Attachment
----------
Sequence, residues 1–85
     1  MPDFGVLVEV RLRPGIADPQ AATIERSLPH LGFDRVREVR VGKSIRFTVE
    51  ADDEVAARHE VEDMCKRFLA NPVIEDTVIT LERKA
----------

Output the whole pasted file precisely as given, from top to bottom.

Sequence, residues 1–85
     1  MPDFGVLVEV RLRPGIADPQ AATIERSLPH LGFDRVREVR VGKSIRFTVE
    51  ADDEVAARHE VEDMCKRFLA NPVIEDTVIT LERKA